Posts: 21

« Reply #4 on: June 08, 2001, 11:44:25 PM »

I picked up a Stabylex 15A presision regulated power supply at a swapmeet for $40.  I run an ICOM 27H at full power(45w) and am net control for a traffic net, using the radio hard at full power for an hour at a time and the power supply stays absolutely cool to the touch.  Probably because the casing is all heatsink.  Bargains are available if you take the time to look.

73, Tom K9WLF

Posts: 692

« Reply #5 on: June 10, 2001, 08:34:18 AM »

Being a power supply designer and reviewed all products available, get the Astron RS-20. I have viewed many for sale at $50. You will be set up for any rig. I drew 24 amps before the RS-20 lost regulation. At 23 amps, the power was clean (20mv ripple) and voltage was stable!

Posts: 298

« Reply #6 on: September 20, 2001, 09:37:13 PM »

I also checked the current consumption of the 2100H transmitting on high power.  With a very cheap ammeter I found it to draw approximatly 9.5 amps on high power.

I have a RS-35M power supply that I could use for the radio, but it would be overkill.  Instead, I use my RS-7A power supply and keep the power set to low - you'd be surprised how well 5-10W can do.  If I want to TX on high power, I hook a 7 amp hour gell cell battery in parallel with the power supply and it does just fine.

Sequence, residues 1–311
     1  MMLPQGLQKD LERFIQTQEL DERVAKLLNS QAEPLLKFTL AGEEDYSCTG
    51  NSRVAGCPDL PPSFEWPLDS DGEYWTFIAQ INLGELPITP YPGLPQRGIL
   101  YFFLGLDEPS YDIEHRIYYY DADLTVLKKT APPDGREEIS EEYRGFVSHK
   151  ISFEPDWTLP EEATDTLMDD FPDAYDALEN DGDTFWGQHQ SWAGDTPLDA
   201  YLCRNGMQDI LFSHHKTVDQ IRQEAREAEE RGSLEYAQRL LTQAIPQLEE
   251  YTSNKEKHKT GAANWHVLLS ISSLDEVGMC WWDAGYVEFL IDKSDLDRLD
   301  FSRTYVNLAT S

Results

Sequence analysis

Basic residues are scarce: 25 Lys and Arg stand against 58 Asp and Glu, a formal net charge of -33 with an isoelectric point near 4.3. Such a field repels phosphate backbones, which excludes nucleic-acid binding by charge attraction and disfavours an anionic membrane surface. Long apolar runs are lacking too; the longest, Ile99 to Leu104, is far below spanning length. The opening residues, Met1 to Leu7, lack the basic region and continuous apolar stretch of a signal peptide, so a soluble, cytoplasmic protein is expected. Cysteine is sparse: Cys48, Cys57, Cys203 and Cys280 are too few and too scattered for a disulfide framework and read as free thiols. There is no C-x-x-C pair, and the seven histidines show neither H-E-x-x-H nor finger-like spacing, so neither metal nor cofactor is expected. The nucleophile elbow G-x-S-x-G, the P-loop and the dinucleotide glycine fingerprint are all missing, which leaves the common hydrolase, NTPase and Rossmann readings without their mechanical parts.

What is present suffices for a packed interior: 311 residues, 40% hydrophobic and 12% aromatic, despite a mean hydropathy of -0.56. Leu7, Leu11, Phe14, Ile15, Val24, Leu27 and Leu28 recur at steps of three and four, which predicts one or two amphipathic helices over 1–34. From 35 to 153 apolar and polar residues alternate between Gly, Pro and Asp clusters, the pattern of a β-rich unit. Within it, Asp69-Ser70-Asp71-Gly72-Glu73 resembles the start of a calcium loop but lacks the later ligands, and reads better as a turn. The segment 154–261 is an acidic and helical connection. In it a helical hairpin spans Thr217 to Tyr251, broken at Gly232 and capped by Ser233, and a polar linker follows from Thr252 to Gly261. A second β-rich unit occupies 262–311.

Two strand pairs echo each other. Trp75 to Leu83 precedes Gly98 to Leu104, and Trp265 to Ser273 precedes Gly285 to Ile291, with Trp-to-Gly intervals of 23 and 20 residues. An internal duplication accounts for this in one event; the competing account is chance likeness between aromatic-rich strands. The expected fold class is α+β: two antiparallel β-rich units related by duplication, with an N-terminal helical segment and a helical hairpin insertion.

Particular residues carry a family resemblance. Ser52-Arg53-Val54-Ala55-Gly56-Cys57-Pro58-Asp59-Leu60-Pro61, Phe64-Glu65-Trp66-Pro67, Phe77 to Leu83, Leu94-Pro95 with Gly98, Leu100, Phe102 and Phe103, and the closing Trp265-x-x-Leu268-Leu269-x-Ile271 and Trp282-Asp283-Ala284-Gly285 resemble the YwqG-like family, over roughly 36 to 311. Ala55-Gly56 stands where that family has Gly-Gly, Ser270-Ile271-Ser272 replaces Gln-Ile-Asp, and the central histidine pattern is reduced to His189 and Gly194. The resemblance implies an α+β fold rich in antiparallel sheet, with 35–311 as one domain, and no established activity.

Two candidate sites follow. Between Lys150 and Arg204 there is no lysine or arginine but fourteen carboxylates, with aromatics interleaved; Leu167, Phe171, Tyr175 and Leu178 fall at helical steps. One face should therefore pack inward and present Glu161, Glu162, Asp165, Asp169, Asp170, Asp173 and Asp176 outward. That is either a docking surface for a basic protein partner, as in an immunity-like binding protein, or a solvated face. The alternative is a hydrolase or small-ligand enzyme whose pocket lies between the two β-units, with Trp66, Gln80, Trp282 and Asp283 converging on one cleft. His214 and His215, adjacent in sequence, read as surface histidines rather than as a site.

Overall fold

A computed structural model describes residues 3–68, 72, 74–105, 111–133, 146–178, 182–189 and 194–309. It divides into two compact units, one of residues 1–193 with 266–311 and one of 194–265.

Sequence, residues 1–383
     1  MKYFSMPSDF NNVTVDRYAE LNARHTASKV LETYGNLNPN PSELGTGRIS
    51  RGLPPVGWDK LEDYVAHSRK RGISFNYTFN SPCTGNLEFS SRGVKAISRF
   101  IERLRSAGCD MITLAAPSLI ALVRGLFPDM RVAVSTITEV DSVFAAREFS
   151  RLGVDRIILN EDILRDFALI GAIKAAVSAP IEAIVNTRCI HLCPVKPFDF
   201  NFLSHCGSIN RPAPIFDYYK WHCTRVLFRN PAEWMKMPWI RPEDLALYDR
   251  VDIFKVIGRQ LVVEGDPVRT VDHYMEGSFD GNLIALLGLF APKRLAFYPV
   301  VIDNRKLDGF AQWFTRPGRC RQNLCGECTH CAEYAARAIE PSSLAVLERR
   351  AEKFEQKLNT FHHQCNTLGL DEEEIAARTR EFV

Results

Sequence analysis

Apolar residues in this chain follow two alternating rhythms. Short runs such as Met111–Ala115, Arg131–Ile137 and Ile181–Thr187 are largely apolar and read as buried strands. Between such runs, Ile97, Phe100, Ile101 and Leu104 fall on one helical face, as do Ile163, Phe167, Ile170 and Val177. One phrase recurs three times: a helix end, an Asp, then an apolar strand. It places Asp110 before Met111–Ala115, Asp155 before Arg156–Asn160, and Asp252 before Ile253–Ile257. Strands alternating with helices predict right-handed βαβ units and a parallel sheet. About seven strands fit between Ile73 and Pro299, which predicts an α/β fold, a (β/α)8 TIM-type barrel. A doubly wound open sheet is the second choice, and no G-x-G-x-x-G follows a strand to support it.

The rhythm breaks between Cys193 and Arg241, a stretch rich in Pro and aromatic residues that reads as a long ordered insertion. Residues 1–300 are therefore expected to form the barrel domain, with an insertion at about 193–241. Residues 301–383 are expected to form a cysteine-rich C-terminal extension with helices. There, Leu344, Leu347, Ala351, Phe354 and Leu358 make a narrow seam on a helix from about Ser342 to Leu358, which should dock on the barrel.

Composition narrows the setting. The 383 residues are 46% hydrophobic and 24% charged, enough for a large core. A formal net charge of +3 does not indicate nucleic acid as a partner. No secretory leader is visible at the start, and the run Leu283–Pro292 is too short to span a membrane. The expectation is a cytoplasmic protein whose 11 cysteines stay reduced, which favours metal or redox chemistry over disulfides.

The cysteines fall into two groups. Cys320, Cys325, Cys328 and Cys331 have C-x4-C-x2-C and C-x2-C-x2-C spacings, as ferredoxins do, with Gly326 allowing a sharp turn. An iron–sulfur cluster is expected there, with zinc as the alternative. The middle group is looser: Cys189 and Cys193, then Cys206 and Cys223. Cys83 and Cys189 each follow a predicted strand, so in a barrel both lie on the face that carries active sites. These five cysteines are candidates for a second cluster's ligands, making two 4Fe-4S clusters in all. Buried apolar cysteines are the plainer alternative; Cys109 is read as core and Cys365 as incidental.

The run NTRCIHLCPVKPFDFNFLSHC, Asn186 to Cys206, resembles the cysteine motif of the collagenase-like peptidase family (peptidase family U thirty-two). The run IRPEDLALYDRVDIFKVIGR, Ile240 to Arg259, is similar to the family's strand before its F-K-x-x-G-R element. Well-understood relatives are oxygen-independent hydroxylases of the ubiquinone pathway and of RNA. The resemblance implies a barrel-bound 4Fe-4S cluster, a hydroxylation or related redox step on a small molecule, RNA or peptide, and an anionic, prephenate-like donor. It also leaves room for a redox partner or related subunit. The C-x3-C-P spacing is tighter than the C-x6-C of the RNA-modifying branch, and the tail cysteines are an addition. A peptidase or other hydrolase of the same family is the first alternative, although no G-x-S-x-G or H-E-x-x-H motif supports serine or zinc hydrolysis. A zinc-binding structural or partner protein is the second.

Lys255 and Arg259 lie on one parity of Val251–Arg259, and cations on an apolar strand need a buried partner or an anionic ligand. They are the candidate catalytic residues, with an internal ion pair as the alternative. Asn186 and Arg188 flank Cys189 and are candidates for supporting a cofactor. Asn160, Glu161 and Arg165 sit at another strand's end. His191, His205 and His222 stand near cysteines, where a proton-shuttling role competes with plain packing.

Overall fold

Posts: 574

« Reply #7 on: September 28, 2001, 03:07:40 PM »

Always plan for some over kill. If the rig requires 9.5 amps at full power don't purchase a 10 amp supply. The RS20 (20 amp)as others suggest would be my choice. A word to the wise about Ham Radio gear, don't believe the specifications..unless you have information from others you can trust to confirm the information they publish. I always figure about 50% of what is claimed.

Posts: 52


« Reply #8 on: October 23, 2001, 09:39:23 AM »

Don't know too much about the IC2001H although the ICOM spec. sheet specifies 12amps for it...

However I have run a TS450SAT at full duty cycle (100watts) CW for years in my shack using a car battery charged from the mains. Its never given me any trouble whatsoever and there is the advantage of never having to worry about high voltage spikes.

I used operate /MM (merchant navy) and this is where the idea came from - when I came ashore I just couldn't see any point in spending money on a mains PSU when what I had worked perfectly...

I work alot of contests & in those situations I just add 1 or 2 further (charged) batteries in parallel to get me through the weekends operating. For normal Dx activity one is plenty tho... 3 x batteries, 1 x charger = much less than a good 30A psu and I get continuous operation on those winter nights when we lose power Shocked)
Cormac, EI4HQ

Posts: 1

« Reply #9 on: May 31, 2002, 11:06:05 AM »

Hmm what exactly is dropping resistor? I am interested this suggestion of using car battery with charger..The google hit your topic here =) Please give more info about it...
/Mosse (Finland)

Posts: 23

« Reply #10 on: June 03, 2002, 01:07:58 AM »